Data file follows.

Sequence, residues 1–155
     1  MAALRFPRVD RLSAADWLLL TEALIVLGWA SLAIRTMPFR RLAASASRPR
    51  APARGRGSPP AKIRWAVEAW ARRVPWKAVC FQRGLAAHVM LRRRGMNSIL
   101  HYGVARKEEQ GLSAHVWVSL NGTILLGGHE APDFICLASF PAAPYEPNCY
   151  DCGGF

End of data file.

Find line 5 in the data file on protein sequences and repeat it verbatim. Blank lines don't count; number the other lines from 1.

   151  DCGGF